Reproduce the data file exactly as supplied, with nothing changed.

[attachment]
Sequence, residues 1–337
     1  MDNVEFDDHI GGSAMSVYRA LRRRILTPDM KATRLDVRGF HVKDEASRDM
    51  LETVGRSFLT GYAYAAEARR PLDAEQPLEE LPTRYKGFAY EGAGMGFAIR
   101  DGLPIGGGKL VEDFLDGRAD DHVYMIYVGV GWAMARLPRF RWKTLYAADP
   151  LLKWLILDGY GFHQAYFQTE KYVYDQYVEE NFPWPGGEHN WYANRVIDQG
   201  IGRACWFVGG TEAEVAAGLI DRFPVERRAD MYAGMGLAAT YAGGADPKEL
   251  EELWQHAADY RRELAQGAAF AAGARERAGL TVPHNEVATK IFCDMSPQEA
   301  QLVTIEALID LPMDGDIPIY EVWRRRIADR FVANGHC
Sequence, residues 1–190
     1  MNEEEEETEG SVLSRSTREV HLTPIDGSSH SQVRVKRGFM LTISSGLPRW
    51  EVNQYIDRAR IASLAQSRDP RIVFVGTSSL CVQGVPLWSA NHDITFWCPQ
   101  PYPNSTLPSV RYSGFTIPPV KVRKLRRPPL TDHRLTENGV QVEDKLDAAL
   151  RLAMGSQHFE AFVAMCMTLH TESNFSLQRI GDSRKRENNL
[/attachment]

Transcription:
Sequence, residues 1–337
     1  MDNVEFDDHI GGSAMSVYRA LRRRILTPDM KATRLDVRGF HVKDEASRDM
    51  LETVGRSFLT GYAYAAEARR PLDAEQPLEE LPTRYKGFAY EGAGMGFAIR
   101  DGLPIGGGKL VEDFLDGRAD DHVYMIYVGV GWAMARLPRF RWKTLYAADP
   151  LLKWLILDGY GFHQAYFQTE KYVYDQYVEE NFPWPGGEHN WYANRVIDQG
   201  IGRACWFVGG TEAEVAAGLI DRFPVERRAD MYAGMGLAAT YAGGADPKEL
   251  EELWQHAADY RRELAQGAAF AAGARERAGL TVPHNEVATK IFCDMSPQEA
   301  QLVTIEALID LPMDGDIPIY EVWRRRIADR FVANGHC
Sequence, residues 1–190
     1  MNEEEEETEG SVLSRSTREV HLTPIDGSSH SQVRVKRGFM LTISSGLPRW
    51  EVNQYIDRAR IASLAQSRDP RIVFVGTSSL CVQGVPLWSA NHDITFWCPQ
   101  PYPNSTLPSV RYSGFTIPPV KVRKLRRPPL TDHRLTENGV QVEDKLDAAL
   151  RLAMGSQHFE AFVAMCMTLH TESNFSLQRI GDSRKRENNL